Sounds Like There Was No Sexual Orientation Discrimination? Attributions to Discrimination on the Basis of Auditory Gaydar

Hegarty, Peter and Fasoli, Fabio (2023). Sounds Like There Was No Sexual Orientation Discrimination? Attributions to Discrimination on the Basis of Auditory Gaydar. Journal of Homosexuality (Early access).

DOI: https://doi.org/10.1080/00918369.2023.2233655

Abstract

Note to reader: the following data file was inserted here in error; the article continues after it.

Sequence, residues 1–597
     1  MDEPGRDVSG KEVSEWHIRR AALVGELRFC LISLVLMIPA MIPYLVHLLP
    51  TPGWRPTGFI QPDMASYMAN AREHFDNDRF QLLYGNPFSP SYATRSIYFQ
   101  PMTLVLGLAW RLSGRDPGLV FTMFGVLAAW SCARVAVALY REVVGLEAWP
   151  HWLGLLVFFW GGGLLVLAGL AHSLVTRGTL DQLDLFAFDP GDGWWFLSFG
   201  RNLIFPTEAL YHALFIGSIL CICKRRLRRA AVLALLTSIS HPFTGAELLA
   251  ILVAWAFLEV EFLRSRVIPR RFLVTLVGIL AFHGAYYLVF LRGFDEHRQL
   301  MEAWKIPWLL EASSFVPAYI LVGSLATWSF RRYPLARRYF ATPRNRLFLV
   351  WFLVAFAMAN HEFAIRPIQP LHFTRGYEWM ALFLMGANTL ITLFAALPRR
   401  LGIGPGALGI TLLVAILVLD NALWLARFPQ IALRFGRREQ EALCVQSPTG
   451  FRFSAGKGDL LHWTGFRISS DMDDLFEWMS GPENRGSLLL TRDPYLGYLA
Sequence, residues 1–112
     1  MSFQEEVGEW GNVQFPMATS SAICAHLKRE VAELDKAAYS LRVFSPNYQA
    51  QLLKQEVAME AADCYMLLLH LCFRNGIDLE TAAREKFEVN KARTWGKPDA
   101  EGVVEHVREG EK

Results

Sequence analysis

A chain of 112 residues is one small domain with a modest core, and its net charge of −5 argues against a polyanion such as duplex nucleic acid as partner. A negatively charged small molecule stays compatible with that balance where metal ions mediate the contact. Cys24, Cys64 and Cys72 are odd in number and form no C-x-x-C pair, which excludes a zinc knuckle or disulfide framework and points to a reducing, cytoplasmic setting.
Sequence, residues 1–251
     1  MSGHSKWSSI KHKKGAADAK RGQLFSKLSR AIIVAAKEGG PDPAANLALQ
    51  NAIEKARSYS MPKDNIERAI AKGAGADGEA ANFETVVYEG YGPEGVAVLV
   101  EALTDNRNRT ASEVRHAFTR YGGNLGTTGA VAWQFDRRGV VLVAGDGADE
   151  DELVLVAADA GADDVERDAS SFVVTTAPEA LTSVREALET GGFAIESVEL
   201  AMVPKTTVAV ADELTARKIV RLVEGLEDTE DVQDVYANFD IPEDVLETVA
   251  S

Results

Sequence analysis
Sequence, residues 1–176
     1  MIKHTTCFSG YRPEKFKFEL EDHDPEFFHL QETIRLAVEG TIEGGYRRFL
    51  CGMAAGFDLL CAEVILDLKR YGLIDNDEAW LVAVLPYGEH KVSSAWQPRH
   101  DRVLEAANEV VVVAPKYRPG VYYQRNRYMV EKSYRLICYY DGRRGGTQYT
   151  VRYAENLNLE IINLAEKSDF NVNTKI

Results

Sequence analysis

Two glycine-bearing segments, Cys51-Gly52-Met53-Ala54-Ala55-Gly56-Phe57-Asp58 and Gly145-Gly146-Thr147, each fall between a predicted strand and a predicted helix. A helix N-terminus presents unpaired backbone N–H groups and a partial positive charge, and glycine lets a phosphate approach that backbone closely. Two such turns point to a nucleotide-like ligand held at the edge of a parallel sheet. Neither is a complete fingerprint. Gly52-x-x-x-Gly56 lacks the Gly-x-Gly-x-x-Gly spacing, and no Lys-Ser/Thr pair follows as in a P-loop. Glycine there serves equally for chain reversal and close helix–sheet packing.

Auditory gaydar happens when people’s heterosexuality is called into question by their vocal characteristics. Auditory gaydar has been shown to prompt discrimination against both women and men interviewing for leadership positions. Two experiments tested whether attributional ambiguity makes auditory gaydar discrimination difficult to detect in such contexts. Either heterosexual participants (Study 1, n = 161) or heterosexual and sexual minority participants (Study 2, n = 238) heard short clips of straight- vs. lesbian/gay-sounding speakers, described as unsuccessful applicants for leadership positions. Participants explained the speakers’ unsuccessful outcome in their own words and rated the likelihood that gender and sexual orientation discrimination caused that outcome. Attributions to gender discrimination were common whilst attributions to sexual prejudice were vanishingly rare. Women targets were rated more likely to have experienced gender discrimination, and lesbian/gay-sounding targets were rated more likely to have experienced sexual orientation discrimination by some participants (Study 1) or all participants (Study 2). We conclude that auditory gaydar may prompt discriminatory treatment in leadership hiring processes more readily than in prompts the recognition that discrimination on the basis of sexual orientation has occurred.

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